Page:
Making a Profit Collecting Wine

Vinotemp Custom Commercial Wine Storage Project for Hardrock Cafe

Wine Collecting for Investment: Building a Profitable Collection

Investing in a wine collection can prove to be a fun and lucrative hobby. Similar to collecting other fine goods, it requires research, a bit of expert advice, and patience to turn a profit. Whether you are considering investing in wine as a hobby or to make money, we have some helpful tips to consider.

cellar with custom racking
Glass Wine Cellar by Vinotemp


Fine wines account for only 0.1% of the market. Traditionally, fine wines are made in the French regions of Rhone Valley, Burgundy, and Bordeaux, Italy, and select Californian wine from Napa and Sonoma County. Australian wines are also now being recognized for their investment potential.

Prior to investing in a bottle, conduct plenty of market research. For the most part, scarcity and exclusivity are some good indicators that a wine will appreciate in value, particularly if the winery has a longstanding reputation. For example, the Screaming Eagle winery in California released a limited run (600 bottles) of its 2010 Screaming Eagle Sauvignon Blanc for $250/bottle only to its longstanding customers. Spectrum Wine Auction recently sold a six-bottle case of the wine for $7,000. You may also find it lucrative to purchase wine en primeur, which means buying the wine after it is made but before it has been bottled. Buying wine before it is bottled is regarded as the best way to get the lowest price. Other factors that affect the value of wine include the vintage, economic conditions, and future aging potential.

When you are ready to make your first major purchase, you may find it helpful to hire a wine merchant with the knowledge and reputation to ensure the wine you are buying is authentic. You can find a list of the world’s most expensive wines and their values here.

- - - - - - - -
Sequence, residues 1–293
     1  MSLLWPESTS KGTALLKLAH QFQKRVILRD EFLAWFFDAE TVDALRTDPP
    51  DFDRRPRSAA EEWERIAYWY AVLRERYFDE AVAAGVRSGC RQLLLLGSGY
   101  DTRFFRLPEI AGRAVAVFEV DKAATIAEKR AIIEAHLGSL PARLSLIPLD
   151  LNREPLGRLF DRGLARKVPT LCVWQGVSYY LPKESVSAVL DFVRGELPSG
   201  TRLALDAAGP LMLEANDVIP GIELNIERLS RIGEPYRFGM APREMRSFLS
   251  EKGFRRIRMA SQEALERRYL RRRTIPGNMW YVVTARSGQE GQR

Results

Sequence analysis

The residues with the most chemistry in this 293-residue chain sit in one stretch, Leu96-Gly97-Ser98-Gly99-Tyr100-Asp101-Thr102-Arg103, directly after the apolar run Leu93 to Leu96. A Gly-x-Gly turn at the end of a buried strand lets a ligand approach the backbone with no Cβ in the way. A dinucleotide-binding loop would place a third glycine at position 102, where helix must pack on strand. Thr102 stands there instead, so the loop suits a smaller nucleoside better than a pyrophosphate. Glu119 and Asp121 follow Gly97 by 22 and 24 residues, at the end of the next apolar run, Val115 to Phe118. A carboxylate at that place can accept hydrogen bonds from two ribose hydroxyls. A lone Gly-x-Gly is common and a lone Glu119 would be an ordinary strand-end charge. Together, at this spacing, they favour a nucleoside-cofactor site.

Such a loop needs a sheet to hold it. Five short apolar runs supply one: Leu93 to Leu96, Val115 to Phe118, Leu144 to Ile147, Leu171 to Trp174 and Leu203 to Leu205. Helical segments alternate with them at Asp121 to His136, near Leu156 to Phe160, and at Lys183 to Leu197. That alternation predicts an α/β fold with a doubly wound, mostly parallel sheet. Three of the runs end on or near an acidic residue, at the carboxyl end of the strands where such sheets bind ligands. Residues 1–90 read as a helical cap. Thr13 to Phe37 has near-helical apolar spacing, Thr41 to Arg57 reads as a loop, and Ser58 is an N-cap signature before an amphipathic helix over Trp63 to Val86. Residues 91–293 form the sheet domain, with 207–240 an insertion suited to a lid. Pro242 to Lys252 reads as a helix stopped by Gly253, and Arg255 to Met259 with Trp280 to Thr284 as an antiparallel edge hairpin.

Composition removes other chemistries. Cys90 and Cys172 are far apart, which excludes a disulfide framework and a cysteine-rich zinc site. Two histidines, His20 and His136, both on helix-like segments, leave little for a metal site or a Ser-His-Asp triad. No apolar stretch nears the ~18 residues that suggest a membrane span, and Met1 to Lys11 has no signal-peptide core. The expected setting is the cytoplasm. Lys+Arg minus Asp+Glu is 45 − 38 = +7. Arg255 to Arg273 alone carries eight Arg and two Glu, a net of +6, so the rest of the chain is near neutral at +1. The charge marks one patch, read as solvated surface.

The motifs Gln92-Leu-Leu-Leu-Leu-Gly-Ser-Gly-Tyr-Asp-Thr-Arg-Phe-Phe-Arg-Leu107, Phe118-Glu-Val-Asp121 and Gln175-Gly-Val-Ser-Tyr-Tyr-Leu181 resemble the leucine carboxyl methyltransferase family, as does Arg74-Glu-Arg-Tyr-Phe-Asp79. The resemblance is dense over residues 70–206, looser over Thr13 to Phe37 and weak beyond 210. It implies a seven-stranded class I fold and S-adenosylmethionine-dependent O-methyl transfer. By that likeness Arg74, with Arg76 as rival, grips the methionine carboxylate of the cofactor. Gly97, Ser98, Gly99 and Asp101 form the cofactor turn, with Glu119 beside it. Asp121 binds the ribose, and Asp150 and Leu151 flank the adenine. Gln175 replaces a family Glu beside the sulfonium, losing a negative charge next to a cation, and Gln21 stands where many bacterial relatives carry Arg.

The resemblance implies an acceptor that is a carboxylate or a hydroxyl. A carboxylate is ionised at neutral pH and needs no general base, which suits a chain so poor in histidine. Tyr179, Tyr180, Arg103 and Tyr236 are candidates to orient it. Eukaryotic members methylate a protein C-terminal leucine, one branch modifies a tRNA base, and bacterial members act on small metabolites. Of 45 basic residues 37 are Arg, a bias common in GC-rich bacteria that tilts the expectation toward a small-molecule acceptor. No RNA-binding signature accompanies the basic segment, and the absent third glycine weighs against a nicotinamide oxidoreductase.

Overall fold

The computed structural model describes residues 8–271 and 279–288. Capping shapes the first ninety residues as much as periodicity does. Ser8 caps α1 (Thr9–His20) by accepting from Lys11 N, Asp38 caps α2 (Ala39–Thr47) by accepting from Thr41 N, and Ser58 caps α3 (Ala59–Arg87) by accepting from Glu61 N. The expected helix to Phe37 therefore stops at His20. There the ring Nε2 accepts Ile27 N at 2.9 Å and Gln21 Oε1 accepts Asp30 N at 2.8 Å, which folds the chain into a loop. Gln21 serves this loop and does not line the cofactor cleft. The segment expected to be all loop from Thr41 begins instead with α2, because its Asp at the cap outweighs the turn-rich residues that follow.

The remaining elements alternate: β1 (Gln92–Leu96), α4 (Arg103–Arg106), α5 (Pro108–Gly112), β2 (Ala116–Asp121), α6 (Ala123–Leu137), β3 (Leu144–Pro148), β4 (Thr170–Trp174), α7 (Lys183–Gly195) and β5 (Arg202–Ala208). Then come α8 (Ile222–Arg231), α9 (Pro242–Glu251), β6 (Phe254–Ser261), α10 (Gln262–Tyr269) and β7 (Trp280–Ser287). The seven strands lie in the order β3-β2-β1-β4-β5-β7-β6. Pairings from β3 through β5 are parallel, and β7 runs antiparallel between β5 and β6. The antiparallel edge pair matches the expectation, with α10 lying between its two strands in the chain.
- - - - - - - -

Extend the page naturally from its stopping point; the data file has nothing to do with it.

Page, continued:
Determine your budget for investing in wine and make sure it is one you are truly comfortable with. Other expenses will occur in addition to the buying of wine which include insurance and proper storage, which we will discuss next.


Proper storage of your investment will ensure it ages gracefully while holding its value. Wine is ideally stored in a cool, dark, and secure space where the temperature is consistently 55◦F and 70%RH. You will require sturdy racking that can hold the bottle horizontally, keeping the cork wet. For long term storage, a wine cellar is the ideal option. A wine cabinet is another alternative when a wine cellar is not feasible. Both of these options require a powerful wine cellar cooling system that will keep your bottles in the ideal environment. Whichever storage system you choose, closely monitor the temperature and humidity. You may do this using a wireless system that alerts you by text or email. You may also opt for a home security system that will notify you if something is wrong.

Wine storage facilities are available for the cost of a monthly membership. These storage centers provide the same benefits of a wine cellar with added security. They are not as convenient, however, as having a cellar in the privacy of your home.

Be Patient

As with any investment, patience is key. You may not be able to sell your wine for five to ten years. Once you are ready to sell, the sale can be facilitated through a wine merchant or auction house who will act as a middleman between you and the buyer. Online auctions are available allowing the seller to sell their wine direct to buyers, but careful attention should be paid to each state’s liquor laws.

When it comes to investing in wine, ample research, proper storage, and patience will result in a fruitful payoff. Don’t forget, the best part of investing in wine is the option of drinking and sharing your collection for your own enjoyment.